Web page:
The process for selecting and acquiring an organization health care information system
Today’s information briefing identifies the process for selecting and acquiring a healthcare information system, the roles of every stakeholder, and how an organizational goal affects the selection and acquisition processes. The management of any health care organization in the current society is paramount to its achievement. Therefore, with the ever-changing society coupled with the emergence of complex health problems, people have begun to question the affordability, availability, and management of the healthcare sectors as well as how and where to find those with the best services-information system. Organizational goals and their stakeholders can coerce the choice and acquisitions of an information system by improving the problematic one and/or obtaining a newer system. Health care industries should, not only refurbish their systems but also continue to upgrade or replace them if necessary to meet the demands of the clients.
First, the process for selecting and acquiring an information system involves assessing the need for change in the system. The organization establishes a project committee and appoints a project manager to oversee the work. The members should possess diverse skills in identifying various needs of the organization, examining the existing situation, and using it as a base to develop a method that explores the kinds of information systems worth for the organization (Fitzgerald, 1998, p. 19). During the research, all members should fully comprehend the system before its presentation to the organization’s stakeholders. For instance, they should even request the system designer to demonstrate vividly how all aspects of the system operate, training the personnel besides daily functions before the execution of the system.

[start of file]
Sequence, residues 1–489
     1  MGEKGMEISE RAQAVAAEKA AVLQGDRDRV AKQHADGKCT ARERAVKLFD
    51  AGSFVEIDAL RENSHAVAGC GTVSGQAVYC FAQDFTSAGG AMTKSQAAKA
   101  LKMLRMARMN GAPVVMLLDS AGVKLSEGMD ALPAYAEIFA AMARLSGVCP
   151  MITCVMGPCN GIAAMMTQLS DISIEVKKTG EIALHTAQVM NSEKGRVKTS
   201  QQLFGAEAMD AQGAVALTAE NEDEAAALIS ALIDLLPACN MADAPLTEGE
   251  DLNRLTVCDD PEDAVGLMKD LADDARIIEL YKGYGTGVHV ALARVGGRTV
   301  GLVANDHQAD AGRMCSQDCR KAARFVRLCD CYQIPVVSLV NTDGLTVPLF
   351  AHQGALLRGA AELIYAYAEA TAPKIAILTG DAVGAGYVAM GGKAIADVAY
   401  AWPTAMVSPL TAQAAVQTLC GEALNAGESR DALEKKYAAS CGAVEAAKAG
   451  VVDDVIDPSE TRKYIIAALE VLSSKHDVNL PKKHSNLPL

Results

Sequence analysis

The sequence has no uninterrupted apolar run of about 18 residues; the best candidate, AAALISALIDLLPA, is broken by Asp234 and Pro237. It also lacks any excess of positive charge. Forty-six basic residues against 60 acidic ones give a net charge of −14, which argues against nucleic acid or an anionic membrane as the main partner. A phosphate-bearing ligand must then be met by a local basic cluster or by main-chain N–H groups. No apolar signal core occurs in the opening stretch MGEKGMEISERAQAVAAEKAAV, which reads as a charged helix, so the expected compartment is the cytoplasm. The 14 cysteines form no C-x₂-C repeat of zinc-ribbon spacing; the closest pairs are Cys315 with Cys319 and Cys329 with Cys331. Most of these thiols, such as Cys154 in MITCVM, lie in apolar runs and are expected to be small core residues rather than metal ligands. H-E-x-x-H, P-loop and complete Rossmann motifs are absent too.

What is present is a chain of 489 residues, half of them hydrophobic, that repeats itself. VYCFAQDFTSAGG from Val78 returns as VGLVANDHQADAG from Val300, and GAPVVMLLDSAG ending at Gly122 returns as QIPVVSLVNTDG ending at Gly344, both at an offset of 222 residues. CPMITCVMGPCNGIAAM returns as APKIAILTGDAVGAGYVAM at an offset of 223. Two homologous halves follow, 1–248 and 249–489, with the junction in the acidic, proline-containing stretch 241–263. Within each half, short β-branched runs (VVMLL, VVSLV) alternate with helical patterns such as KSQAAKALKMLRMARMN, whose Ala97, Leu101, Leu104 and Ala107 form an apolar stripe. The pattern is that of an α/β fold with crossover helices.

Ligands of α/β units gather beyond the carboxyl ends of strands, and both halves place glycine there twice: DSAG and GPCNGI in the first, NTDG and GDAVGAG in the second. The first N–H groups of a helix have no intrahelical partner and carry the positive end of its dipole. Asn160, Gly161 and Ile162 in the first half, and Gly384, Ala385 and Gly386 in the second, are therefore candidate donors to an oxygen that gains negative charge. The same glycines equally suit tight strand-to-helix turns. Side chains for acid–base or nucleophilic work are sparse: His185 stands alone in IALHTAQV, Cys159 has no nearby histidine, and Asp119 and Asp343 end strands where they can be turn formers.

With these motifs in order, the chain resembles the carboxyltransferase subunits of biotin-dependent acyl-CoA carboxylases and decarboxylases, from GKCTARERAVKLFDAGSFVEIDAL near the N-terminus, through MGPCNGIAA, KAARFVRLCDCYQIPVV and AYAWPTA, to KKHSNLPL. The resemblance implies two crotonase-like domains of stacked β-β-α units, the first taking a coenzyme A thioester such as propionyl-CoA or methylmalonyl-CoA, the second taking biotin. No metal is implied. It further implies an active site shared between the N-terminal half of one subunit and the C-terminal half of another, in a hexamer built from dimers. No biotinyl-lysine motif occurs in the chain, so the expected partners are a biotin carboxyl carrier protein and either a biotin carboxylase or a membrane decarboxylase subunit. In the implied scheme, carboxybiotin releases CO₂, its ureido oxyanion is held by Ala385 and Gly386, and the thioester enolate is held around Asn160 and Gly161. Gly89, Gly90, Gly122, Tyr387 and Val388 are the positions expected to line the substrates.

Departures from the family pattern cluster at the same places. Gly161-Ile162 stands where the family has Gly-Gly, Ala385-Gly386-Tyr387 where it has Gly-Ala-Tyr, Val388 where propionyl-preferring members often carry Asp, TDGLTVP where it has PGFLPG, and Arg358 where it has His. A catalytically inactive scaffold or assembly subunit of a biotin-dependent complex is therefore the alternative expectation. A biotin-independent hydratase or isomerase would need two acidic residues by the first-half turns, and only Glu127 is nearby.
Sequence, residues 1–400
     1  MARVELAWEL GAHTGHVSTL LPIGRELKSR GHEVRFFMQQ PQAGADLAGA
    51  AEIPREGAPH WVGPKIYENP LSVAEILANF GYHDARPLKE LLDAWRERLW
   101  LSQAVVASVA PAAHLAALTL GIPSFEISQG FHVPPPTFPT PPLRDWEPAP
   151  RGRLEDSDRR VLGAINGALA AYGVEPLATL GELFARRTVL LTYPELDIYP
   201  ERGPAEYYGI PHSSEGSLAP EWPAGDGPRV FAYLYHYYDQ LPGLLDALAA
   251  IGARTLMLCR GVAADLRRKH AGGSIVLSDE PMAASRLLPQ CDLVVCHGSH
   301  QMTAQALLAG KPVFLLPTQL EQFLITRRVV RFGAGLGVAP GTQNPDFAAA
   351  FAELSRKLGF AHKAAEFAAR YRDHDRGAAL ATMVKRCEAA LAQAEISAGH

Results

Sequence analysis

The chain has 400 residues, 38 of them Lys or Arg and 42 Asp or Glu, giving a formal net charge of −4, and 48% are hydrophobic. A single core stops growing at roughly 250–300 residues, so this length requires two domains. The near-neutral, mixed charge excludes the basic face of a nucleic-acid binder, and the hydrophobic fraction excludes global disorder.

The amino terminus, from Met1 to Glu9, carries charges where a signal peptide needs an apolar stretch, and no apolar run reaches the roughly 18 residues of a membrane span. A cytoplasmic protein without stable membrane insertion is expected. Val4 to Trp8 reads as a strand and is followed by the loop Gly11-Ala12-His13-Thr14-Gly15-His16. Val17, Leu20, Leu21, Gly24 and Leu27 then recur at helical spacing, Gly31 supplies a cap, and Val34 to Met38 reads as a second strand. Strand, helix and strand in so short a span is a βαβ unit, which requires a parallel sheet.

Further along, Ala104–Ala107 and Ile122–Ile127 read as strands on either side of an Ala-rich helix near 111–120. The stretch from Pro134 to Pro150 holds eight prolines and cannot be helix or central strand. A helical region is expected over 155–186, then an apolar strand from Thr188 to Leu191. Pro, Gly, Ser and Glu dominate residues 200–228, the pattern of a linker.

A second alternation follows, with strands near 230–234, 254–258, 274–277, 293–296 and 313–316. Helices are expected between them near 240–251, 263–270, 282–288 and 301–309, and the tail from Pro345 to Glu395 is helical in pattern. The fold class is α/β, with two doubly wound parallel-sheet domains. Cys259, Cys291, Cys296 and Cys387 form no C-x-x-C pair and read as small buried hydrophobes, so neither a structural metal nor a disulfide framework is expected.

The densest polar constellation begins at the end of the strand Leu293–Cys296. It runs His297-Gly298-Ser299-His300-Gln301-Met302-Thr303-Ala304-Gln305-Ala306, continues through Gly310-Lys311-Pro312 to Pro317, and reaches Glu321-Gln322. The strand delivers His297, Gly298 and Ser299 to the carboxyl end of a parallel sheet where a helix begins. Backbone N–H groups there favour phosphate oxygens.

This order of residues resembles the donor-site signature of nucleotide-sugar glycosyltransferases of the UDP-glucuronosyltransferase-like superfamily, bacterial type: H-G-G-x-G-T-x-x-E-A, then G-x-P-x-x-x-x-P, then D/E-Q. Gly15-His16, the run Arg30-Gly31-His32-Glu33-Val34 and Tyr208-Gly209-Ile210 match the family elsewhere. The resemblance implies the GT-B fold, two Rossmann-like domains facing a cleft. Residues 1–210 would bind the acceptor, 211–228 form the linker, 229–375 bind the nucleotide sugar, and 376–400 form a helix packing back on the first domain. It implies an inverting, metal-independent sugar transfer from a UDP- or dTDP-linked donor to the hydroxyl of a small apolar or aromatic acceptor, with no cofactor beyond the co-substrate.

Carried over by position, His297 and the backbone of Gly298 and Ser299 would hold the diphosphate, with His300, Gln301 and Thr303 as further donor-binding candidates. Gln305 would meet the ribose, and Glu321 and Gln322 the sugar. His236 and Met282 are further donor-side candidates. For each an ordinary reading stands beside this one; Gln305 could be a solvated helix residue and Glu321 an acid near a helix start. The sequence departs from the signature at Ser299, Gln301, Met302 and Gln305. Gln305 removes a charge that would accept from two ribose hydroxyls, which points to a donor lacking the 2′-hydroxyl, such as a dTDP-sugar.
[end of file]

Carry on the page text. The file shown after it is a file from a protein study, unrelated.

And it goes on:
Second, the process involves implementation. The organization should delineate the project objectives, plans, expectations, and scope of analysis. This phase is vital as it provides the plan, the execution, and the expected quantity of work. The stakeholders must accomplish these infinite tasks and aspects for proper implementation of the system on time and within planned resources (Olegas, & Algis, 2006, p. 230). The team estimates the total expected expenditure on the execution and successfully running the system for the stakeholders to implement. However, any health care organization must address behavioral issues and carefully analyze the market trends and any dealer’s profiles if available.
Third, after the objects have been established, the organization put together a formal tender and send it out to receive information from which evaluations are made. Otherwise, ‘‘many organizations refer to this process as a request for information (RFI)’’ (Maria, & Sofia, 2009, p. 45). The tender committee identifies the best bidder who will then receive the proposal from the organization and prepares to supply the health care system. The steps assist the organization in making the right decisions when implementing the new health care information system.
The roles of each stakeholder of the organization in the selection and acquisition process
Peoples’ decisions and activities provide the recipe for the proper operation of a new Information System. The main purpose of such systems is to advance the goals and tasks of the organization. However, it is difficult to choose the right healthcare system especially if the stakeholders are not involved. According to Olegas and Algis (2006, p. 232), ‘‘each of these stakeholders is vital to successfully care for patients in an expert, efficient, and cost-effective manner’’. The stakeholders are either primary or secondary.